There’s been a lot of talk on Inspy Romance about swoon-worthy heroes. A good romance novel depends on a hero that the reader can fall for. Sure, she knows he’s fictional! But she can imagine falling in love with a guy like that, and she can definitely see why the heroine will do so. Being as she (the reader) can’t get the guy, she’s thrilled to see him on one knee, popping the magic question to her new BFF at the end of the book.
But what about the heroine? As a reader, how much do we identify with her? There’s little worse than having a to-die-for hero and finding him fall for a woman we can’t stand. If we are going to share our (new) favorite guy with someone else, she better be worthy!
Anyone with me here? Ever tossed a romance novel aside, unfinished, because you didn’t think the girl deserved to get the guy? Yeah, me, too.
Our heroine should be a loyal friend. She should be nice, but not a pansy. She should be pretty, but not so gorgeous or perfect we’d hate her on principle. She should be tough enough to face down the hero at his worst, yet gentle enough to cradle a sick infant. She should have opinions, but not be a jerk about forcing them on others.
Josephine Shaw is the heroine of my first Farm Fresh Romance novel, Raspberries and Vinegar. She’s a passionate environmentalist and new farmer, absolutely convinced that her way is the best way, and everyone else should simply agree. Do you know anyone with that personality?
Jo might not have been the best choice for a debut novel. One reviewer (my only 3-star) said, “We would not have been friends, despite our shared ideals.”
Ouch! Others “got” her a bit more:
“This book is about Jo. She is one frustrating young woman. She is the type that knows everything and is determined to make sure that you do it her way. So many times I wanted to just tell her to get real and listen to what people are telling her.”
“Jo is so passionate about treading lightly on the planet that she tends to do just the opposite with people, coming across as overbearing and pushy in her zeal to convince others to live as healthily and thoughtfully as she does.”
I could easily give you a dozen similar quotes from 4 and 5-star reviews. To me, that means that while readers found Jo frustrating at first, they understood why she was the way she was and found something in her to identify with, at least enough that they kept reading. Maybe in hopes she’d improve!
One reviewer said it this way:
“Valerie manages to take a fanatical character and teach Jo there’s more to life than her goals, while also giving her reason to consider whether brow-beating is the best approach to teach better caretaking.”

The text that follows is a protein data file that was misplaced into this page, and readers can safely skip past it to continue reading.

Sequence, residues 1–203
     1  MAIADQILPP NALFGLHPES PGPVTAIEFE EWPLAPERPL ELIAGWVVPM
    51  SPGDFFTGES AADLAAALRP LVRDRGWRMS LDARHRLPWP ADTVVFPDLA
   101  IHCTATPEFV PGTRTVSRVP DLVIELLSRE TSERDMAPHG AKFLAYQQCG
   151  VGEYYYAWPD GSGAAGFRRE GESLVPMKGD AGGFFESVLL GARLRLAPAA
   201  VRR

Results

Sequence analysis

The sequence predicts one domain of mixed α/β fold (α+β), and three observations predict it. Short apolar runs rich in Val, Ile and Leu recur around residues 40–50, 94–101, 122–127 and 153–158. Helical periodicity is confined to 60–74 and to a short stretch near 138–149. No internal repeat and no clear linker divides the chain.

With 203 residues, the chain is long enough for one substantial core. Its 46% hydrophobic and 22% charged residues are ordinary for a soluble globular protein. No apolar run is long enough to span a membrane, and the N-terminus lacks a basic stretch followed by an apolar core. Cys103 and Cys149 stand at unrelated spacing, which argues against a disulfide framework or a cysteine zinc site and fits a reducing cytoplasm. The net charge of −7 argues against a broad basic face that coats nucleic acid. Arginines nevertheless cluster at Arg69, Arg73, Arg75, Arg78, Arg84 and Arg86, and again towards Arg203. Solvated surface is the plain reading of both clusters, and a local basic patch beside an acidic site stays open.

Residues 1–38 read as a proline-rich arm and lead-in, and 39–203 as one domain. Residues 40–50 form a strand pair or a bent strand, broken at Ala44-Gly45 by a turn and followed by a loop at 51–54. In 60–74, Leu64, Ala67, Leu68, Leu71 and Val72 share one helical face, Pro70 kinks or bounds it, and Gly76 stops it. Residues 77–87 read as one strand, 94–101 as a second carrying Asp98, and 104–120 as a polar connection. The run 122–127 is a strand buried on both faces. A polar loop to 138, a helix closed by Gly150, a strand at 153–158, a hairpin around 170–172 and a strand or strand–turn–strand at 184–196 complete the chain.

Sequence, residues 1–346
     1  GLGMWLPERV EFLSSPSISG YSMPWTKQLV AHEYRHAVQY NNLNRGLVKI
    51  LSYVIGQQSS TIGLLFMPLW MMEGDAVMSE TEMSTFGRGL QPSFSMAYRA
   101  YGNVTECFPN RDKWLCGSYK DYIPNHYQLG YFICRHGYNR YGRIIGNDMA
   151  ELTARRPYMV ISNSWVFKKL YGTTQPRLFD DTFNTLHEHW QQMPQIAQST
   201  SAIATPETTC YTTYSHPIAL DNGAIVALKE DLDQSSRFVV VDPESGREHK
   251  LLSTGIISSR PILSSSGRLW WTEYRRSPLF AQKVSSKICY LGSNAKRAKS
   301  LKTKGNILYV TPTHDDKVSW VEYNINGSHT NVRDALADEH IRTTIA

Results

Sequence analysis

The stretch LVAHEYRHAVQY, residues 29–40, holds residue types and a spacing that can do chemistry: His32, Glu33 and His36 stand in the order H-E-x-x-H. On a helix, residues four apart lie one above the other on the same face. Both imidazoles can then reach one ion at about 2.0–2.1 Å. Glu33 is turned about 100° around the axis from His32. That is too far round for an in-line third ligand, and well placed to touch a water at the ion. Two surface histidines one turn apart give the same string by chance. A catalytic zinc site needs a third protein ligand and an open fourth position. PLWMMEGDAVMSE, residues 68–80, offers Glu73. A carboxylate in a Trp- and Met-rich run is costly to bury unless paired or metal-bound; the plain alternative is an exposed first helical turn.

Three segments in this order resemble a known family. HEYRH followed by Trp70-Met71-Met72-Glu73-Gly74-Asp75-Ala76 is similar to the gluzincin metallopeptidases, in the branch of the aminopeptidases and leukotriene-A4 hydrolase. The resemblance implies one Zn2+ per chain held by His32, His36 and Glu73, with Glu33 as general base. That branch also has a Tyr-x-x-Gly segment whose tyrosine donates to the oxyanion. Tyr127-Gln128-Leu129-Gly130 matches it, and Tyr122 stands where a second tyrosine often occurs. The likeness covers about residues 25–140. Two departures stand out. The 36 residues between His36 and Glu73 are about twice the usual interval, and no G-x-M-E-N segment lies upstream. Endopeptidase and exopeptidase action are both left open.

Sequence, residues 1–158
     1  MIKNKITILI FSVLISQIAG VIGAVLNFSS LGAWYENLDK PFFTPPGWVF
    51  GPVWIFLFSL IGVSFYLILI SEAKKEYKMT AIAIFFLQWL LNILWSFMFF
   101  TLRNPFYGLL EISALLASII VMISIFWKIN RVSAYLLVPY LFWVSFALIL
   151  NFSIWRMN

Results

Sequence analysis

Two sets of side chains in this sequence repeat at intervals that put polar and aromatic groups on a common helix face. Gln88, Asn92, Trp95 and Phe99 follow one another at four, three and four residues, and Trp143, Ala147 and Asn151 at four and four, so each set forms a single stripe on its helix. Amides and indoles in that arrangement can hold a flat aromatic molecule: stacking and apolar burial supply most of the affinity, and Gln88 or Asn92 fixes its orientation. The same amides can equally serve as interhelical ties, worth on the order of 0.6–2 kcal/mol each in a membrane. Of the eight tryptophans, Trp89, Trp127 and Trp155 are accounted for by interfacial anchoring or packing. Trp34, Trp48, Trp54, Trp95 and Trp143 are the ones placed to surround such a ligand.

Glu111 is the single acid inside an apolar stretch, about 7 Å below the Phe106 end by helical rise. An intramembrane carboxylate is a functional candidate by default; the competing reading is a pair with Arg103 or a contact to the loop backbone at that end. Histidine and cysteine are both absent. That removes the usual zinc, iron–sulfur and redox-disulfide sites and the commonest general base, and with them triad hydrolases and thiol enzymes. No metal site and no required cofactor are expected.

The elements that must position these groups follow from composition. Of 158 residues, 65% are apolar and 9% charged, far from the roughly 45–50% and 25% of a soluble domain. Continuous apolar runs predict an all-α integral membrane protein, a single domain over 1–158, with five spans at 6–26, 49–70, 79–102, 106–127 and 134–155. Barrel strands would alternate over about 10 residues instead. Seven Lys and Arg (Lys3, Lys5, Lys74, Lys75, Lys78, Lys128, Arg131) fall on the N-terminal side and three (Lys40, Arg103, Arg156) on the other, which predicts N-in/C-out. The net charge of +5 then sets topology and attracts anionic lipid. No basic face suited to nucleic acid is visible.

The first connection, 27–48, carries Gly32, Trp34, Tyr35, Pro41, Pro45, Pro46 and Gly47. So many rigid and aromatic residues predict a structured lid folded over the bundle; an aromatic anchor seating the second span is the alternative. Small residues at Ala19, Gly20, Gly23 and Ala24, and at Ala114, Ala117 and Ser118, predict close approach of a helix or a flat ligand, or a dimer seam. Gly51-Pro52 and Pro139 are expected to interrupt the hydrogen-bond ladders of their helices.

Here’s a short snippet from the second chapter. What do you think?
Jo straightened her back, pasted on a smile, and consulted her clipboard. Ellie, at the desk, had informed her the resident of Room 224 lived in the present, at least some days. She tapped the door lightly and nudged it open. “Hello, Mrs. Humbert?”
An old woman, white hair floating around her face like a halo, sat in her wheelchair by a small table. A man swiveled at the intrusion from his seat facing the window.
Jo caught her breath. Zach?
“Please come in, my dear.” The old lady peered at her through rheumy eyes. “Do I know you?”
Jo closed the space. She could block Zach from her thoughts. This was her job. She took the soft white hand in hers. “I’m Josephine Shaw, the facility’s new nutritionist, and I’m here to talk to you about food.”
Zach chuckled. “Be careful, Grandma. She’ll toss your stash of candies in the garbage.”
Thanks a lot, buster. Jo shot a glare at Zach. Just her luck he felt the need to interfere on his grandmother’s behalf.
Jo turned her back on him and tried for a light tone. “Unless you have any fair-trade organic dark chocolate in there. That stuff is hard for me to resist.”
Mrs. Humbert’s poufy hair shimmered as she shook her head. “Now that’s something I don’t have, but John can pick some up for us if you like.” She patted Jo’s hand. “Then I can bribe you to be nice to me.”
John? Jo shot a questioning look at Zach, but he just lifted a shoulder and shook his head. She squeezed the old lady’s hand. “I don’t need bribing.” Not with anyone who needed help, and the fact that this was Zach’s grandmother clinched the deal. “It’s my job to make sure you’re getting the best possible nutrition, though, so let’s keep those empty calorie snacks at a minimum, shall we?”
If it hadn’t been directed at her, Jo might have enjoyed the deep, full sound. But no. It was at her expense. She gritted her teeth and swiveled to face him. “May I ask what’s so funny?”
He waved a hand. “Really, does it matter? Why make big changes? Let these folks enjoy the remainder of their days and eat what they like. It’s not like a diet change is going to make that much of a difference.”
She narrowed her eyes. “It’s my job. I’ve been hired to improve the menu.”
Zach leaned back in the chair and ran his gaze down and up her. Not, sadly, in a romantic way. More like an intimidation attempt.
Sweet like Raspberries. Tart like Vinegar.
Josephine Shaw: complex, yet singleminded. A tiny woman with big ideas and, some would say, a mouth to match. But what does she really know about sustainable living as it relates to the real world? After all, she and her two friends are new to farming.
Zachary Nemesek is back only until his dad recovers enough to work his own land again. When Zach discovers three helpless females have taken up residence at the old farm next door, he expects trouble. But a mouse invasion proves Jo has everything under control. Is there anything she can’t handle? And surely there’s something sweet beneath all that tart.
Would you like the chance to encounter Jo and Zach for yourself? Tell me about a favorite romance heroine and why you like her—or one you disliked, and why! I’ll draw one name to win a digital copy of Raspberries and Vinegar: A Farm Fresh Romance, your choice of Kindle or ePub file.